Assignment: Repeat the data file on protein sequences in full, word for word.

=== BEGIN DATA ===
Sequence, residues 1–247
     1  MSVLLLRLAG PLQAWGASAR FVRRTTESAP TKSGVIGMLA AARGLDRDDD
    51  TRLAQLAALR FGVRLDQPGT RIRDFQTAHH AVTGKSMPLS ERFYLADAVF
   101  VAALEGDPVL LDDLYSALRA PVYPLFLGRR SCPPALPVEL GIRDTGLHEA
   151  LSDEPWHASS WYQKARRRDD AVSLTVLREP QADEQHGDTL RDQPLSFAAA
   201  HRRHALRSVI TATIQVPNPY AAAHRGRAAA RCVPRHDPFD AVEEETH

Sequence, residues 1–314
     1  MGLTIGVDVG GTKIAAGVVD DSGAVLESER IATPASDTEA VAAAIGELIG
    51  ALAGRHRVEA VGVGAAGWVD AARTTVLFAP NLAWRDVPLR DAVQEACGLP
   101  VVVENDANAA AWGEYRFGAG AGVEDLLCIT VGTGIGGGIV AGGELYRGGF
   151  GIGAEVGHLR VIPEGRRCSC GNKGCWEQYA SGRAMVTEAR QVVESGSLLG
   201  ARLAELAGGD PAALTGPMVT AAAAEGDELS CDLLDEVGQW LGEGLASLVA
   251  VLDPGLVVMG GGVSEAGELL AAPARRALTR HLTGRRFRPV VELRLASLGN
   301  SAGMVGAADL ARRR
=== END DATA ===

Sequence, residues 1–247
     1  MSVLLLRLAG PLQAWGASAR FVRRTTESAP TKSGVIGMLA AARGLDRDDD
    51  TRLAQLAALR FGVRLDQPGT RIRDFQTAHH AVTGKSMPLS ERFYLADAVF
   101  VAALEGDPVL LDDLYSALRA PVYPLFLGRR SCPPALPVEL GIRDTGLHEA
   151  LSDEPWHASS WYQKARRRDD AVSLTVLREP QADEQHGDTL RDQPLSFAAA
   201  HRRHALRSVI TATIQVPNPY AAAHRGRAAA RCVPRHDPFD AVEEETH

Sequence, residues 1–314
     1  MGLTIGVDVG GTKIAAGVVD DSGAVLESER IATPASDTEA VAAAIGELIG
    51  ALAGRHRVEA VGVGAAGWVD AARTTVLFAP NLAWRDVPLR DAVQEACGLP
   101  VVVENDANAA AWGEYRFGAG AGVEDLLCIT VGTGIGGGIV AGGELYRGGF
   151  GIGAEVGHLR VIPEGRRCSC GNKGCWEQYA SGRAMVTEAR QVVESGSLLG
   201  ARLAELAGGD PAALTGPMVT AAAAEGDELS CDLLDEVGQW LGEGLASLVA
   251  VLDPGLVVMG GGVSEAGELL AAPARRALTR HLTGRRFRPV VELRLASLGN
   301  SAGMVGAADL ARRR